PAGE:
Agriculture is, in its nature, explicitly a management of biodiversity, although in recent centuries it has tended to be a struggle against it. To date, human activity has aimed unilaterally to increase positive production effects by eliminating biodiversity. Of the approximately 750 plant species cultivated and constituting the food of the world’s people in past centuries, only 30 species are currently important, and only three (wheat, rice, maize) constitute the food base of humanity (FAO, 1997). Today, 12 plant species and 5 animal species provide 70% of the food needs of more than 7 billion people.
As a result of the expansion of agriculture, there has been a huge depletion of species, expressed by:
- loss of habitat for unsupported species,
- species extinction,
- reducing gene diversity in crop populations.
Since the 1960s, the Earth’s cultivated area has increased from 1280 to 1400 million hectares, so biodiversity has been reduced on a further 120 million hectares. This trend can only be reversed by increasing the productivity of agricultural areas, which will reduce the cultivated area to around 1,250 million hectares.
Biodiversity and agriculture are very closely linked. Insect-friendly agricultural land, abundant in food and providing shelter, influences increased food production. It is known that the lower the agricultural intensification, the greater the diversity of plants and animals in the fields, which attracts numerous birds, insects etc. to them. However, intensive production in a specific area of land must not have a limiting effect on the biodiversity around it.
It is possible to speak of functional biodiversity for agriculture as it provides:
- proper soil structure and function
- soil fertility and productivity
- plant pollination
- habitats of natural enemies of crop pests
- protection against water and wind erosion
- nutrient cycles in nature (including waste decomposition)
- controlling the correct water cycle in nature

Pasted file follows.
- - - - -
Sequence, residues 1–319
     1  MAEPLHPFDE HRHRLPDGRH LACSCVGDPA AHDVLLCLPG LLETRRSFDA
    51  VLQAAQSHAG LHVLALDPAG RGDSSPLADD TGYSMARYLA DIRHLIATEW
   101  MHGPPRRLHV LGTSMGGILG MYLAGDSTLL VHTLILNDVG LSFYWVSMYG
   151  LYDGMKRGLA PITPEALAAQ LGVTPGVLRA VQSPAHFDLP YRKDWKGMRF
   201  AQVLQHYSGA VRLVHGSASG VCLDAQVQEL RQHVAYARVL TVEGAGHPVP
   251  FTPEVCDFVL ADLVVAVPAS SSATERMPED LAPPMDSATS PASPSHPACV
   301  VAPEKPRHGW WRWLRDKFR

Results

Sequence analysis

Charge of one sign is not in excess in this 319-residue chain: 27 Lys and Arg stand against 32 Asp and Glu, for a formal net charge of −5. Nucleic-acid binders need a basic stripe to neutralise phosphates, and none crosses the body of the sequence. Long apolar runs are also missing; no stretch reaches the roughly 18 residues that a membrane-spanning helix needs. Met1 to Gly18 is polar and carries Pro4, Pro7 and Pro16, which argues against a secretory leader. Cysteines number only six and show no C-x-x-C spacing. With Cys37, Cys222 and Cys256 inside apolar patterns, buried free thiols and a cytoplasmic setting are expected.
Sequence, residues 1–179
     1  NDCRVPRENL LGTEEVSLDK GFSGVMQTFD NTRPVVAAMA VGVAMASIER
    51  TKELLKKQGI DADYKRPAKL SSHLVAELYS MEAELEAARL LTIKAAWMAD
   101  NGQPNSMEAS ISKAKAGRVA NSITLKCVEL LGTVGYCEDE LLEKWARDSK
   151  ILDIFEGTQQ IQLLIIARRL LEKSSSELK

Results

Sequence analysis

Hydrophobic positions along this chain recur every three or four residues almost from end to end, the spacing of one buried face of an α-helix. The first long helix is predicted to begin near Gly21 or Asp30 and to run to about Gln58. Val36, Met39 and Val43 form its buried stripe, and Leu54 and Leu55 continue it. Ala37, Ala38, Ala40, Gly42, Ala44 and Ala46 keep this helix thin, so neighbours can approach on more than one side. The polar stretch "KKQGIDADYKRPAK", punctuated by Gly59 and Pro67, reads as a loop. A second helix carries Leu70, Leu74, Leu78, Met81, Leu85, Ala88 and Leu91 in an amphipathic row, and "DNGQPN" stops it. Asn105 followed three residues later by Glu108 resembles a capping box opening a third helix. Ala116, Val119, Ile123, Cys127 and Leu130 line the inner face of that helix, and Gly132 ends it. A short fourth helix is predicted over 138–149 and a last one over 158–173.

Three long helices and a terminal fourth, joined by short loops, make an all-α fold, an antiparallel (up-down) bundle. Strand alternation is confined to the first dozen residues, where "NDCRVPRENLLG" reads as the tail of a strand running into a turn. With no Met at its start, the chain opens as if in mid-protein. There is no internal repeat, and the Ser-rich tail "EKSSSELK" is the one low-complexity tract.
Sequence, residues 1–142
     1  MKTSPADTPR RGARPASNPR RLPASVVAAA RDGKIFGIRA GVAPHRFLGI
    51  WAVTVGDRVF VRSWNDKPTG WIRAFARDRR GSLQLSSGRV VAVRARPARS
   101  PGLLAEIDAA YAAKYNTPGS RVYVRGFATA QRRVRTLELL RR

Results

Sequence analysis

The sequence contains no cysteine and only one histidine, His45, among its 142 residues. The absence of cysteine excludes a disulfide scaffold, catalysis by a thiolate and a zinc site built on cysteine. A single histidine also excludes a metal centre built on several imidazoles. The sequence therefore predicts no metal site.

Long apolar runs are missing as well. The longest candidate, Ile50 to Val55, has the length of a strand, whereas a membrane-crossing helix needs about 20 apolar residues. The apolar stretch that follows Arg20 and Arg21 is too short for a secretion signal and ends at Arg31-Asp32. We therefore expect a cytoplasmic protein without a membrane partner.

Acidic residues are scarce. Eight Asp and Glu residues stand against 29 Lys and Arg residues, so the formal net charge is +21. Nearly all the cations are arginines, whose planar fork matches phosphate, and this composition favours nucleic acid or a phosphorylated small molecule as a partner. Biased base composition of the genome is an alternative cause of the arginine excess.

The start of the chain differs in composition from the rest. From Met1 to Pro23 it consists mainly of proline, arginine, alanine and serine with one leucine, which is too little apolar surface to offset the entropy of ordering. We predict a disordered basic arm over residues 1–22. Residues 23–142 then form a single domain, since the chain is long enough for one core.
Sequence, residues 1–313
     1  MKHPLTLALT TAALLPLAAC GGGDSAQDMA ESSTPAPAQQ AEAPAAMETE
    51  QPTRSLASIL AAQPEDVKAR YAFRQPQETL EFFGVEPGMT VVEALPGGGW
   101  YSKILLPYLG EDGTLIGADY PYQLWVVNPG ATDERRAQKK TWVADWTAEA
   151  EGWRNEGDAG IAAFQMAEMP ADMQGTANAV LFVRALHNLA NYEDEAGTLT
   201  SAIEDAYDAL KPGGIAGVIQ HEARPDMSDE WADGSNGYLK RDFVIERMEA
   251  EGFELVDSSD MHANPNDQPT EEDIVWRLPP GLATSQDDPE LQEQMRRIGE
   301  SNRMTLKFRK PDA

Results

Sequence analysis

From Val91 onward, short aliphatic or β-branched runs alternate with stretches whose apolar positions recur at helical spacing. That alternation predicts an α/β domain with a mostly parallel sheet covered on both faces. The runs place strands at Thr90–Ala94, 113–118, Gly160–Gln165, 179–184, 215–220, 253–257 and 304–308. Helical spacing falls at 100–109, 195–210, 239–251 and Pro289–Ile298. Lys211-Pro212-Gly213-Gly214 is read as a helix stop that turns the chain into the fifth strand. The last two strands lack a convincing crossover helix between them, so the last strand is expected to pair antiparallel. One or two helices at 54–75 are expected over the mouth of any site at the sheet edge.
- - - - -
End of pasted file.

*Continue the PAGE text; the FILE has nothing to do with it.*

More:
- diversity of organisms in a changing climate
- maintaining good living conditions for local communities
Protecting biodiversity is one of the priorities of any agri-environmental programme. The preservation of wildlife habitats is very important for agricultural production, as the presence of many and diverse beneficial organisms promotes crop protection. It is important to plan and maintain habitats for wild plants and animals in a way that favours their movement through the agricultural landscape – in the form of so-called ecological corridors. Areas where management is difficult (escarpments, ponds, thickets, wetlands, afforestation and mid-field shrubs) can be used as non-agricultural areas – eco-livestock. If such habitats are located on the farm, care should be taken to ensure that they are connected by a system of ecological corridors, which can be baulks, drainage ditches, roadside paths. In creating such a network of sites and corridors, consideration should be given to the animals for which it is to be useful. Areas of high biodiversity, with a diverse spatial structure (groups of trees, shrubs, ditches, etc.) are much less susceptible to damage from strong winds, fire, drought or flooding. In a diverse landscape made up of a mosaic of different ecosystem types, such events are naturally reduced and cause less damage.
Agriculture, which in Poland covers about 60% of the country’s area, limits biodiversity in the area. Biocoenoses of cultivated fields, referred to as agrocenoses, are characterised by a small, man-determined number of plant species and their abundance, in contrast to natural biocenoses. They cannot function without human intervention and very significant changes in them occur annually. Plant protection in any form, including integrated plant protection, can be a particular threat to biodiversity, as by favouring a selected plant species it limits the others. However, it should support the development of those organisms that do not harm but actually help crops by providing increased soil fertility, proper air-water relations and nutrient cycling.
The varied spatial structure of the environment in the vicinity of fields is of great value, as it harbours a diversity of organisms that stabilises the agrocenosis biologically. It is worth remembering that preserving biodiversity is a prerequisite for maintaining soil fertility and agricultural productivity. Protecting biodiversity will pay off in yield and quality.
As the human activity closest to nature, agriculture therefore has a huge responsibility to protect biodiversity and keep it as healthy as possible.
Farmers can prepare for extreme weather events. Caring for biodiversity provides opportunities for farms to consciously diversify production – growing different species and varieties of plants to reduce the negative impact of, for example, drought or excess rainfall on the production and financial effect achieved.
Agricultural biodiversity plays an important role in preserving the cultural identity of local communities. This includes the transmission of traditional medicinal plant knowledge, recipes, as well as cultural rituals and folk festivals.